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Greek Island Turning Green

The Greek island of Astypalea introduced a transition to ‘green infrastructure’ in a recent announcement made by Prime Minister Kyriakos Mitsotakis. With the aim of meeting the country’s climate goals aimed primarily at reducing carbon emissions and ensuring climate neutral mobility for everyone, Astypalea becomes one of the first islands to replace old, fuel powered vehicles with electric vehicles (EVs). With a long-term goal to transition to smart technology and rely more on electric energy, the Government has placed great emphasis on ensuring climate neutral mobility and supporting the Greek population in acquiring a more sustainable lifestyle. Designed to give a significant boost to the economy by 2026 with increased economic activity in the renewable energy sector, creation of jobs leading to better living standards for many, the island plays a pivotal role in Greece’s transition to a ‘green’ country.

The Greek island of Astypalea
The Greek island of Astypalea

With an estimated 1,500 old vehicles on the island– and a third of them being cars – the Government strives to replace them all. The Prime Minister shared a detailed outline of plans to further enhance this transition, highlighting the motor company, Volkswagen’s role in allowing this shift to EVs is instrumental in facilitating the transition and increasing cooperation between private sectors and the government. One of the highlights of the transition includes all of Astypalea’s police cars being electric now. The establishment of a Solar Park to support the entire island’s new electric energy requirement is yet another revolutionary investment to successfully create a green island. It is also anticipated to cover 50% of the island’s overall energy requirement by 2023.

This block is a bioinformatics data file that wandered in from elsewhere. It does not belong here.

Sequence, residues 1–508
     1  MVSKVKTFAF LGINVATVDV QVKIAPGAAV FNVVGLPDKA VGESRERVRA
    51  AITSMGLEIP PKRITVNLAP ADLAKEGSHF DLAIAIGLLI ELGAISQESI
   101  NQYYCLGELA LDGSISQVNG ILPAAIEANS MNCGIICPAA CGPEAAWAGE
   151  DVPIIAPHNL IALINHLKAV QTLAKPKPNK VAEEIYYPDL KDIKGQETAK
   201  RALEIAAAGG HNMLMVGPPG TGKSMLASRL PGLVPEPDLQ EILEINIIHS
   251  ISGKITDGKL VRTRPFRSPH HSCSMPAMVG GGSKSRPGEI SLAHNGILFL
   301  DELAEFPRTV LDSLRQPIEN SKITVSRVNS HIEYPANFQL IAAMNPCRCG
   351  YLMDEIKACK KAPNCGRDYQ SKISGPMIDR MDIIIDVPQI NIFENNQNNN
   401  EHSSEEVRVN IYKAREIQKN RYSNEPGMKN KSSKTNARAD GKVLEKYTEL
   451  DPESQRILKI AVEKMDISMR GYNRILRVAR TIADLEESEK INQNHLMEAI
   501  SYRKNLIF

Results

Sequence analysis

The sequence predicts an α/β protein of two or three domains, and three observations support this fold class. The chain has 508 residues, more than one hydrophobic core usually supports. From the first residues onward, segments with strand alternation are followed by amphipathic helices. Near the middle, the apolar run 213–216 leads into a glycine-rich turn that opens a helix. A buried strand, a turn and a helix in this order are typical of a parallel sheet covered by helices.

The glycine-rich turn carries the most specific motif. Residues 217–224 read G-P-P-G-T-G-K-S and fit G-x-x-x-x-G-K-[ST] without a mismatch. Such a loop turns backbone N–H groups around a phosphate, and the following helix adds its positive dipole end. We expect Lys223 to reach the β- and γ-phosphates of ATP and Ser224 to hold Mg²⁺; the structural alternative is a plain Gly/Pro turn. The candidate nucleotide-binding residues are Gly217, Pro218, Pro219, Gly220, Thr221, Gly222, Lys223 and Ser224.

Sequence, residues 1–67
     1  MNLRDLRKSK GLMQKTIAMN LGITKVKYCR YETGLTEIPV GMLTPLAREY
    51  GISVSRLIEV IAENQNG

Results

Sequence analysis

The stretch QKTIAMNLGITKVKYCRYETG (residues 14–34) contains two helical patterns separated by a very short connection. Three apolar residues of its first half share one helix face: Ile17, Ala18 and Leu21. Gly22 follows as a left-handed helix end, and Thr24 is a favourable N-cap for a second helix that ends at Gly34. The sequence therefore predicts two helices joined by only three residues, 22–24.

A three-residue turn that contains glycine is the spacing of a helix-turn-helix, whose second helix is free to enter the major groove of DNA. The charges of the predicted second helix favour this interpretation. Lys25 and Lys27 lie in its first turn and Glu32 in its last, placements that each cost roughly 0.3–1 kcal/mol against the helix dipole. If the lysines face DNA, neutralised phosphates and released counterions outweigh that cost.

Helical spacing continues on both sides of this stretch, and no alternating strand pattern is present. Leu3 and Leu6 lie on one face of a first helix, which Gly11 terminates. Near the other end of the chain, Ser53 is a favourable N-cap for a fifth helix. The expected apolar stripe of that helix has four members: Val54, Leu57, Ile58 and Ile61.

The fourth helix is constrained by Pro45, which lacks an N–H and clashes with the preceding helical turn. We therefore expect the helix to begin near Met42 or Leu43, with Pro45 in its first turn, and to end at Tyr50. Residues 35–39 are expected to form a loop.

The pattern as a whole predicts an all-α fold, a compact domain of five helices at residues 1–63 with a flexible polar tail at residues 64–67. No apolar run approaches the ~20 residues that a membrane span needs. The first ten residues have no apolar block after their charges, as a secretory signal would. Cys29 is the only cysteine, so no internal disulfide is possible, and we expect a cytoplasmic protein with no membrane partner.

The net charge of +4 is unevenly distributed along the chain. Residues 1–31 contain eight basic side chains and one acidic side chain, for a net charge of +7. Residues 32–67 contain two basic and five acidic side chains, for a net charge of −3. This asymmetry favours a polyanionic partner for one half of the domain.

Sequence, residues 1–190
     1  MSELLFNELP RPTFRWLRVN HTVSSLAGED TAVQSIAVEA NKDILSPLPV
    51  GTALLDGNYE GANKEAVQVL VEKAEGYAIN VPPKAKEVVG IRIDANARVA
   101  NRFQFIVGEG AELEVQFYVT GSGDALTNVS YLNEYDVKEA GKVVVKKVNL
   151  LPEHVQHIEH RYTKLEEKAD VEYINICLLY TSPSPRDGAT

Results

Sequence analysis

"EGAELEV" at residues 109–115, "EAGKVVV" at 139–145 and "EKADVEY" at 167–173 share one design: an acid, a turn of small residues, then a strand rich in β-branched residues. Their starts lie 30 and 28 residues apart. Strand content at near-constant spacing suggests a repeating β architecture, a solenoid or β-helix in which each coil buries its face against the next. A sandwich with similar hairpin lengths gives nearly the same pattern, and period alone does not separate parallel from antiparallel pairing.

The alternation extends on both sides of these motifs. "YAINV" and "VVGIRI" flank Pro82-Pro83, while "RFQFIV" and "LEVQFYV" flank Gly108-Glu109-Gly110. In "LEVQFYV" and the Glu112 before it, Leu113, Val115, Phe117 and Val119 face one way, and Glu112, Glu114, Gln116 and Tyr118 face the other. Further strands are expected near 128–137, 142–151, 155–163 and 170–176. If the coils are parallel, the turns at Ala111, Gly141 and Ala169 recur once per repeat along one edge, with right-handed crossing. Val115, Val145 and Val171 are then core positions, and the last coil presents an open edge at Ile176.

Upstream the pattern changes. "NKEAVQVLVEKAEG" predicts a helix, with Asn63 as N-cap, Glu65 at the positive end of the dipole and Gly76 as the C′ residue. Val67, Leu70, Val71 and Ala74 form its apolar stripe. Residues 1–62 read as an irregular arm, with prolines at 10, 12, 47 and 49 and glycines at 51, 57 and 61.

As part of the new ‘Greece 2.0’ plan, this transition is highlighted as the main objective for Greek political leaders to work towards combating and reducing the effects of climate change. Engaging in policy making, improving access to essential services, better waste management as well as implementing and monitoring the progress of this new plan, the Greek government has displayed a hands-on approach to making this transition a success. With a budget of 10 million Euros, Astypalea becomes a test case for Greece, as they attempt to introduce green power and energy to non-interconnected islands across the country. Largely funded by private business owners and the EU, this budget serves as a hefty investment for the Government to ensure the country’s sustainable development.

The chief executive officer of the Volkswagen group states that “Astypalea will be a blueprint for decarbonisation in Europe.” Having revealed numerous recharging stations, and incorporating solar energy to regular use, the world’s eyes rest on Astypalea to see the success of a ‘green’ island which will serve as inspiration for other nations around the world. Since the recent announcement, Greece has proven to be able to adopt groundbreaking and innovative strategies to counter and limit the effects of climate change. Focusing primarily on the transport industry, Greece, alongside the European Union (EU), has agreed to introduce and replace fuel powered transport and fuel storage with EVs. Unlike countries and policy makers who often overlook accessibility in a bid to devise ambitious plans and implement radical changes that limit the opportunity for the public to make a change and engage in the process, the Government has further ensured that such changes are affordable and accessible to the entirety of the Greek population to ensure the success of this newly adopted development plan by unveiling charging stations across the island of Astypalea.